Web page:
In addition, there is much archaeological evidence of human spirituality in the Middle Paleolithic 200,000 years before civilization took hold. Curiously, no other animal appears to rely upon spirituality. What is the difference between other animals and us? Thought! Thinking creates a dilemma of which chapter 71 speaks, To know yet to think that one does not know is best; Not to know yet to think that one knows will lead to difficulty. Belief is simply thinking that one knows. Language has overtaken the human mind so extensively as to disconnect us from the moment-to-moment experience-of-being that other animals enjoy. Spirituality simply reflects our attempt to compensate for this disconnection.
Okay, so why don’t I attend church? I lack sufficient belief. I do remember believing in God as a child, but I don’t recall when or why I dropped the belief. Years later, while hitchhiking across the Sahara Desert, I reached a faithless rock bottom. I even wished I could be a true believer like other people. Chapter 33 observes, He who perseveres is a man of purpose, and fortunately, I persevered. Indeed, struggle and belief are all we have to make a meaningless life meaningful… and social connection, of course.
UPDATE 2020: Google [Why do we miss the rituals put on hold by the pandemic?] for more. Here is a brief summary of this research on ritual and synchronized activity that help bond people.
Anthropologist Bronislaw Malinowski observed fishermen in New Guinea in 1915. He noticed that when they stuck to the safe and reliable lagoon, they described their successes and failures in terms of skill and knowledge. However, when venturing into deeper waters, they practiced rituals such as chanting in synchrony during the journey… acts Malinowski collectively referred to as “magic.” “We find magic wherever the elements of chance and accident, and the emotional play between hope and fear, have a wide and extensive range. We do not find magic whenever the pursuit is certain, reliable and well under control of rational methods,” Malinowski wrote in 1948.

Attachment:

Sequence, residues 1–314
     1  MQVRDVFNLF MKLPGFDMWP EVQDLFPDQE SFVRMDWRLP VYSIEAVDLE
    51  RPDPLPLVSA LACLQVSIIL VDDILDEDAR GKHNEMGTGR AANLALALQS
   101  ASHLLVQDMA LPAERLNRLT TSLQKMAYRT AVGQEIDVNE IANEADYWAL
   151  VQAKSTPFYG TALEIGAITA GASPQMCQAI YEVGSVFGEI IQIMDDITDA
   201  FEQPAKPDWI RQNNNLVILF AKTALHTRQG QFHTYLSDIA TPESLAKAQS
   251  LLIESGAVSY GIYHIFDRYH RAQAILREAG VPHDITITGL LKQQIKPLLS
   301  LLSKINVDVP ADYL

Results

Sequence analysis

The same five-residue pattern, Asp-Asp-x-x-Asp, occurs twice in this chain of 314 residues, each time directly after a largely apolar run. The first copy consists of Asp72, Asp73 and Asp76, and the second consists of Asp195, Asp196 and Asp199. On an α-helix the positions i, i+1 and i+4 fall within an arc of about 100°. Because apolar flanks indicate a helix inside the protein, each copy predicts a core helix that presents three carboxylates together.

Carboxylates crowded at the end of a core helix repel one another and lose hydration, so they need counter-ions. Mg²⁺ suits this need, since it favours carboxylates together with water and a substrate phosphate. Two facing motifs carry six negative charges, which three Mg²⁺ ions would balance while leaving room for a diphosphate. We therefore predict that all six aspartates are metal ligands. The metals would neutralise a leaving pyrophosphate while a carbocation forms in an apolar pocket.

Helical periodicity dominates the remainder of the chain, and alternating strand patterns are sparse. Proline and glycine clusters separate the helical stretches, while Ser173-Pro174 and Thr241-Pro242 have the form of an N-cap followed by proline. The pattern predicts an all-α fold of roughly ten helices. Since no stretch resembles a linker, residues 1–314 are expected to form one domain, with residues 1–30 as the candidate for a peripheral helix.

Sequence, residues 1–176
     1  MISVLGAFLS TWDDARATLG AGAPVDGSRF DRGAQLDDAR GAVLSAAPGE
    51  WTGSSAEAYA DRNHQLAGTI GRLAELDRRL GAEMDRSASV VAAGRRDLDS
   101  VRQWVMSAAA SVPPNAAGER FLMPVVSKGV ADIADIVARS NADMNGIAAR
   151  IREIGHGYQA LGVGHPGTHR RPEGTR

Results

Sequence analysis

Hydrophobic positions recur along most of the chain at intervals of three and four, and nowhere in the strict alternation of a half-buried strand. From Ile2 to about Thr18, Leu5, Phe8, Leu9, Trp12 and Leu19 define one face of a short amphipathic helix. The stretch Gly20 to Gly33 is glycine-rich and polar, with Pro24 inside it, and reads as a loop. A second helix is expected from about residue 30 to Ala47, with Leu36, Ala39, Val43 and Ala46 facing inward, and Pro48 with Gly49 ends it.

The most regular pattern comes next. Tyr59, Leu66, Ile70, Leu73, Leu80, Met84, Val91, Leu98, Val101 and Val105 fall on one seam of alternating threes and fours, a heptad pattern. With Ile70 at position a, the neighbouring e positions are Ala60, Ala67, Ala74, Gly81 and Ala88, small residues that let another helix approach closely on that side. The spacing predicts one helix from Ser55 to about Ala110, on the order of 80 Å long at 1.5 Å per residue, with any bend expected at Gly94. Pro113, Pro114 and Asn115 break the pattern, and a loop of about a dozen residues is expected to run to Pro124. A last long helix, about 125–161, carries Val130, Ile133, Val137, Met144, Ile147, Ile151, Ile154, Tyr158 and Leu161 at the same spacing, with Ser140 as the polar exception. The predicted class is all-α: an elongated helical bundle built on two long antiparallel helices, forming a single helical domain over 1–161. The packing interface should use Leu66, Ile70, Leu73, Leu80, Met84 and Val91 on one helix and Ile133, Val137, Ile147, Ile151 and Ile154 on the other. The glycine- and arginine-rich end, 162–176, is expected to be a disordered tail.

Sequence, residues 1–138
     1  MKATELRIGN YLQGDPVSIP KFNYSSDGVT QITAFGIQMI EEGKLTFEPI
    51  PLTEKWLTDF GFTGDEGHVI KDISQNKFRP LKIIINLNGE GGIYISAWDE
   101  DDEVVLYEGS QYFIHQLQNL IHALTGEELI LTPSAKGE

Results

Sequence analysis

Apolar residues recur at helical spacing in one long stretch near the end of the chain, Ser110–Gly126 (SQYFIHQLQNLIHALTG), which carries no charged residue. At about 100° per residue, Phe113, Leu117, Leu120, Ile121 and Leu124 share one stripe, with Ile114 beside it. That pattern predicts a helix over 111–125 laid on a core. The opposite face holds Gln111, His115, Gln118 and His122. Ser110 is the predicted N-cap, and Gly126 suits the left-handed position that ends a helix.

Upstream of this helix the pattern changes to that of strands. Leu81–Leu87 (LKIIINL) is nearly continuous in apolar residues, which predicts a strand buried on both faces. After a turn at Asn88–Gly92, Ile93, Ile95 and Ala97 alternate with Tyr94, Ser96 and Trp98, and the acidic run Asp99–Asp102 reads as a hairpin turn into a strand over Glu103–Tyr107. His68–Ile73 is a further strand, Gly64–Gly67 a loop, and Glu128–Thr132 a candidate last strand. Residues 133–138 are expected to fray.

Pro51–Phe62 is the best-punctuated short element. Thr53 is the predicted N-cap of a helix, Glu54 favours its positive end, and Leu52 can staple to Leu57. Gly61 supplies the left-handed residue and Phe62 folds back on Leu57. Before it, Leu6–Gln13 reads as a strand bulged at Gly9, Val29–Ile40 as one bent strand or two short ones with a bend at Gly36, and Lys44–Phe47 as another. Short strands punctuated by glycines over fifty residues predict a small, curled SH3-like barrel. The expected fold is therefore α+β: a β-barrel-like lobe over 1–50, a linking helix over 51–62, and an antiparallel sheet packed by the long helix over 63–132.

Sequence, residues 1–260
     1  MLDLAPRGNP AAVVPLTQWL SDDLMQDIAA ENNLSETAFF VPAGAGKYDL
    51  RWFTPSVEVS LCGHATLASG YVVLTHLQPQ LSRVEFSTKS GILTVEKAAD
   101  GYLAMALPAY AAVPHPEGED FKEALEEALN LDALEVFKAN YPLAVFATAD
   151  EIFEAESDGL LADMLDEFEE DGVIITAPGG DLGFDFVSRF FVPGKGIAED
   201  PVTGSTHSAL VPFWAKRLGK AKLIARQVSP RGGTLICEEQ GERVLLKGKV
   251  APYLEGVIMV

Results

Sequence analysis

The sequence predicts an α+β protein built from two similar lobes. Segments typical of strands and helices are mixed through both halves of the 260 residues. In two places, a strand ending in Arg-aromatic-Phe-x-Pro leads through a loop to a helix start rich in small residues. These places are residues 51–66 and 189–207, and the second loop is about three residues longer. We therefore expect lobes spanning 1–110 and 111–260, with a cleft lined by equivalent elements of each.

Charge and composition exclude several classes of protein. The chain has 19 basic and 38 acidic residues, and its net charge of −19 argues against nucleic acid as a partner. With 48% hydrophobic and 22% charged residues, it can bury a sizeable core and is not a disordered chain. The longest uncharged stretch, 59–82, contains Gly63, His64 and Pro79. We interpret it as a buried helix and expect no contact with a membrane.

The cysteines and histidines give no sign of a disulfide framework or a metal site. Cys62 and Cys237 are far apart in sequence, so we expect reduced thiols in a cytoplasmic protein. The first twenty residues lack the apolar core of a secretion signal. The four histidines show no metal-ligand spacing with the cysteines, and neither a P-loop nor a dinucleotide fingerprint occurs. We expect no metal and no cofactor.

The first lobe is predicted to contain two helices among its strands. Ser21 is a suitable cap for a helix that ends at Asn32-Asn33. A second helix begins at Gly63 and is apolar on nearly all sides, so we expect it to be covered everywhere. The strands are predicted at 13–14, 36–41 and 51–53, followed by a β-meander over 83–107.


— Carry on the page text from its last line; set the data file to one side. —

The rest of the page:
Recent studies suggest that individual ritual, such as reciting prayers, helps. But even individual rituals carry a social component. Researchers largely concur that the power of rituals rests within a larger social fabric. Rituals “are created by groups, and individuals inherit them,” Certain synchronized activities such as singing and dancing together are particularly good at amplifying group cohesion and generosity. In both sectarian and non-sectarian activities, synchrony is a potent social catalyst.
Anthropologist Harvey Whitehouse notes two basic kinds of ritual. One he calls “imagistic” rituals that fuse people together through intense moments and painful rites of passage, such as tattoos and walking on fire. The other being “doctrinal” rituals that characterize modern-day life — religious services and various rites of passage. This second type evolved as societies grew complex with the emergence of agriculture. While not binding as tightly as imagistic rituals, doctrinal rituals enable group members to both identify and unite those in their larger group and spot and police social deviants.